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BB and CC Creams

BB and CC Creams

Breakthrough or hype?
Thursday, October 3, 2013

“Skin Perfector.”  “Balance, brighten, renew and protect.” “Anti-aging.” 

The ads sound too good to be true.  BB (stands for beauty balm) and CC (stands for color corrector or complexion corrector) creams claim to be all-in-one moisturizer, concealer, foundation and sometimes sunscreen.

What are they, really?  Do they contain harmful chemicals?  Are they better than the stuff on your dresser and in your bag?   We researched the formulations of more than 100 BB and CC creams and found, to our surprise --  Some BB/CC creams may be a good choice – if you do your homework:

EWG’s inquiry concludes that some of these multi-taskers are worth considering because:

-- Using one 1 product instead of three or four can reduce your exposure to potentially hazardous chemicals.

-- Some provide everyday protection from the sun’s dangerous rays, which cause aging and possibly cancer.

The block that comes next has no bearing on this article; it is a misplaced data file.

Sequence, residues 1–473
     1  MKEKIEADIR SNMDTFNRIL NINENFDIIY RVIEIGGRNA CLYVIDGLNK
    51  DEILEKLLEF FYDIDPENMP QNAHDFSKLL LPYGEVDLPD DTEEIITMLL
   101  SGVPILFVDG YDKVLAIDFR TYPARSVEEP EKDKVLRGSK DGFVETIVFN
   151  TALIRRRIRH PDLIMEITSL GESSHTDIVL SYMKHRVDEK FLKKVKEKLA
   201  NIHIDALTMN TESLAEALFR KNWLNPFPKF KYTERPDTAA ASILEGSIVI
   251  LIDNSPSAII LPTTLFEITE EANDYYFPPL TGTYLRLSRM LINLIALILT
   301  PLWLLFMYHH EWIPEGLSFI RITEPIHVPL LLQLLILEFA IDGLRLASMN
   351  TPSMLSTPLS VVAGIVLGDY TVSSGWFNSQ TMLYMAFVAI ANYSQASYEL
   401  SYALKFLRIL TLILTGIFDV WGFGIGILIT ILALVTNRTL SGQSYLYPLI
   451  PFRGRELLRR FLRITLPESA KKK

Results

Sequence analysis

-- Many offer good value for the dollar. 

Most important, they typically don’t contain harsh, hazardous chemical peels or bleaching agents.  None of the BB and CC creams studied by EWG is made with hydroquinone, a possibly carcinogenic skin whitener that the federal Food and Drug Administration wants to ban and that is already barred in many other countries. 

But consumers must do their homework – because some BB and CC creams contain oxybenzone, an ingredient linked to hormone disruption, vitamin A derivatives, linked to skin cancer, or other potentially hazardous ingredients.

Why EWG rates BB and CC creams

If the U.S. Food and Drug Administration adequately regulated cosmetics and sunscreen products, consumers wouldn’t have to worry whether a BB or CC cream contained harmful ingredients or truly protected their skin from the sun. The FDA has issued a weak and incomplete set of regulations for over-the-counter sunscreen products. These rules do little to ensure public health protection. For years, FDA has promised to issue more stringent health-protective rules, but the agency has not delivered.

As long as government inaction leaves the public in the dark, EWG offers advice consumers can trust.